To be sure, any legislation could have major effects on individual companies. Motricity has a policy of never pushing past the boundaries of what’s being legislated or what it believes will be legislated. The company is of the mindset that if the current administration is re-elected, the industry will see even more consumer protection legislation coming down.
“It could literally change companies overnight. It could put companies out of business,” McGuire says.
So Whose Job Is It?
In the end, it could be the large entities – Apple, Google, Amazon – that are in the best position to facilitate responsible privacy and security policies. Michael Sutton, vice president of security research for Zscaler, contends that the "app store gatekeepers" really have not been doing enough to address protection of the end user.
"If you look at things like the Path fiasco... I think that really illustrates this very well," Sutton says. "People freaked out that Path was grabbing the address book and then a couple days later, very quietly other applications like FourSquare and Yelp!, they magically updated their apps as well. Because the dirty little secret was that everybody was doing it."
Sutton says Apple's response to Congress's inquiry on the matter was inadequate, if disingenuous. "They said, 'Hey, we tell people not to do that.' That's a very weak answer, because they're in a position to prevent that. They provide the SDK. And now they're going to [solve the problem] but that should have been done in the first place."
Sutton says it looks like Apple is not reviewing software for security and privacy reasons but more for the end-user experience. "Something like Path stealing your address book, that would have been very easy for Apple to find and not bless that application."
Google recently launched its Google Bouncer initiative, which is supposed to weed out bad apps from Google Play before they make it onto a device. Sutton praised the step as a good first step, if an unproven one.
Never a fan of regulators making the rules about technology they don’t understand, Sutton says that Washington’s current role could be effective in prompting other companies to implement more technologies like Bouncer. “Maybe they can carry the big stick and say, 'Hey guys, if you don't do something, we will."
The Federal Trade Commission’s (FTC) recently updated report, “Protecting Consumer Privacy in an Era of Rapid Change,” commented on the “slow pace of self-regulation.”
Daniel Castro, senior analyst with ITIF who specializes in information technology (IT) policy, writes in a recent blog that it is “unclear what metric (if any) [the FTC] used to come to this conclusion,” arguing that the FTC has concluded the process is slow if only because it has yielded a different set of rules than was proposed by the FTC.
Castro notes that one of the benefits of self-regulation is that it typically can move much faster than the government regulatory process.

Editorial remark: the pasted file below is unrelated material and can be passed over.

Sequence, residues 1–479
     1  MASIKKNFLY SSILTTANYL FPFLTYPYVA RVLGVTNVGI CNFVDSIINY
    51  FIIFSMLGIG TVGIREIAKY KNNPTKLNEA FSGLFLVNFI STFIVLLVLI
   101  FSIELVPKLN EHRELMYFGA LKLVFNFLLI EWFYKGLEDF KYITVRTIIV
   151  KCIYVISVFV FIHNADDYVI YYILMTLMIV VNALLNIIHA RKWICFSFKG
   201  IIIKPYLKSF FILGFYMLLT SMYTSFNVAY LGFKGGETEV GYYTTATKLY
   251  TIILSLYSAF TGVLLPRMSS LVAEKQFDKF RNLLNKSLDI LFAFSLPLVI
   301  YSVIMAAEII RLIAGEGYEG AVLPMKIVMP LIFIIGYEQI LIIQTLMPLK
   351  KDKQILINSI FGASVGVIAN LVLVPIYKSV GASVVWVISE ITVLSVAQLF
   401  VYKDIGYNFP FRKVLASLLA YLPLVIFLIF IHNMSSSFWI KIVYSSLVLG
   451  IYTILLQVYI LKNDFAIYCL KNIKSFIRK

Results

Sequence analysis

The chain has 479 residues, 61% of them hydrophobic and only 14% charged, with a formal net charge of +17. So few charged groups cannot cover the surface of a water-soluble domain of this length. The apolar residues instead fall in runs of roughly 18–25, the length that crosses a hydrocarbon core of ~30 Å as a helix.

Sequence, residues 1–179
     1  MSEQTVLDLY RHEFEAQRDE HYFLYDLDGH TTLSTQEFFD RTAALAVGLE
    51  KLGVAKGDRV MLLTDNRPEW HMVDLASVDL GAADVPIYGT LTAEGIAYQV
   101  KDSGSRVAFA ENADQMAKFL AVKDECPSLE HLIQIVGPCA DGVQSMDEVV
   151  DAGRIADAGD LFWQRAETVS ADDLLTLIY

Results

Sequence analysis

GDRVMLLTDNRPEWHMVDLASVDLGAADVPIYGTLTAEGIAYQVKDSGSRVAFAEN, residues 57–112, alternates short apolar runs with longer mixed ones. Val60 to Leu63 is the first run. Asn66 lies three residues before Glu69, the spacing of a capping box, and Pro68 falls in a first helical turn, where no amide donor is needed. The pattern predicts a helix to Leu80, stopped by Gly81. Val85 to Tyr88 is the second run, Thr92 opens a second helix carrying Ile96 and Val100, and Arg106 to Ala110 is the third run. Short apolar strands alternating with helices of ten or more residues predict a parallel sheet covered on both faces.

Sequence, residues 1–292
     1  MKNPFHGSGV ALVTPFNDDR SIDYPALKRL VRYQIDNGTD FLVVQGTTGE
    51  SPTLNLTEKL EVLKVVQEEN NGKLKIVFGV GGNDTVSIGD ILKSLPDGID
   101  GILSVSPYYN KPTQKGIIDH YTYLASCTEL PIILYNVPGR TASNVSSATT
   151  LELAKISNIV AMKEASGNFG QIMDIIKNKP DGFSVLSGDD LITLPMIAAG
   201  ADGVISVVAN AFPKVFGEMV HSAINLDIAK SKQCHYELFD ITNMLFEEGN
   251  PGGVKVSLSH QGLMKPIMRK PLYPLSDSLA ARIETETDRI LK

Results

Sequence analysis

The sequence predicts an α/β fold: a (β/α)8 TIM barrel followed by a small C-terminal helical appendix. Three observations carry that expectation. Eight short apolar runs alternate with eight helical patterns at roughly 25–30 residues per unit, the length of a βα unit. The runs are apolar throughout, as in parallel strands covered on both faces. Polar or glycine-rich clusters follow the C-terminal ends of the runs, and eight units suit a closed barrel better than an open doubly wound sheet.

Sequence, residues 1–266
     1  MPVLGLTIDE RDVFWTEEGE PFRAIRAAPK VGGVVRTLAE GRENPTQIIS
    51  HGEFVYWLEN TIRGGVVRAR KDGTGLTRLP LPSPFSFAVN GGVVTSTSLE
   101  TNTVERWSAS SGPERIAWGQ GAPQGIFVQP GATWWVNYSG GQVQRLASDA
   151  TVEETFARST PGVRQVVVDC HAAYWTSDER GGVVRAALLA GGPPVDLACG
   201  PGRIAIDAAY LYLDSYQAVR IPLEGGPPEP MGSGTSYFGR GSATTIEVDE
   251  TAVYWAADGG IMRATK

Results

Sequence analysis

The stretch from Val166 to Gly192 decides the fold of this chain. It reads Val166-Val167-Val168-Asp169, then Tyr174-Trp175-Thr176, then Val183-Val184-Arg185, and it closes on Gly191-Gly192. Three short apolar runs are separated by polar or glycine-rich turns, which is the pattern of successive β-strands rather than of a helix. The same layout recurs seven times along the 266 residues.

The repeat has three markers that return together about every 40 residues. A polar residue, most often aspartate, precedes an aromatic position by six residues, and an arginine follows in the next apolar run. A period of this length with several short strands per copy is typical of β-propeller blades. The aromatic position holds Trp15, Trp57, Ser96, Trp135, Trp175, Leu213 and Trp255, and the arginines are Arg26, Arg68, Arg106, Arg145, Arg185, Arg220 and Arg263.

It’s commentary like Castro’s that keeps the discourse healthy and balanced. However, the FTC’s findings that not enough is being done to protect consumers is a clear comment on where at least one regulatory agency thinks things currently stand.
Hope for Self-Regulation
There are signs of hope everywhere that the industry will do as it has done in the past and aspire to a healthy culture of self-regulation through new technologies and standards bodies.
Just recently Velti, a provider of mobile marketing and advertising technology, announced the Open Device Identification Number (ODIN) Working Group, a consortium focused on developing a secure anonymous device identifier for the mobile advertising industry, as an alternative to using the unique device identifiers (UDID).
And Opera Software launched App-Tribute via its advertising subsidiaries AdMarvel, Mobile Theory and 4th Screen Advertising. The new solution aims to provide a privacy-friendly solution that allows mobile publishers and advertisers to receive marketing and analytics data without taking sensitive data elements such as UDID, cookies or MAC addresses.
Mahi de Silva, executive vice president of consumer mobile at Opera Software, says the company felt as though it could build a more trusted third-party platform and create transparency between publishers and advertisers and in doing so remove a lot of the friction and arbitrage that happens in that marketplace.
"We're covering new ground here because from a policy-making perspective, unlike the privacy drums that were beaten around the Internet in the late ’90s, it was really more of a Department of Commerce view. But when it comes to mobile, you also have the FCC getting involved in this," de Silva says, noting that right now the various powers that be –the Department of Commerce, the FTC and the FCC – are all trying to figure out what, if any, role they have to play in the privacy debate.
Still, he's optimistic that as the industry matures, the trend will lean toward technological solutions that have data that's all about consumer engagement and conversion and less about running scams where end users are unwittingly charged $10 for an SMS subscription to something they didn't want in the first place.
"It's going to take some time to flush those types of players out of the ecosystem," de Silva says.
But it's a rare challenge in the mobile world that can be overcome by one company or solution, and de Silva says it's also going to take a little old-fashioned teamwork to ensure things are done right going forward.
"Our hope is that with solutions like the one we just launched and through collaboration with different parties in the ecosystem, we can stand up as an industry and say: This is how we've addressed this issue and here's how we're solving it.”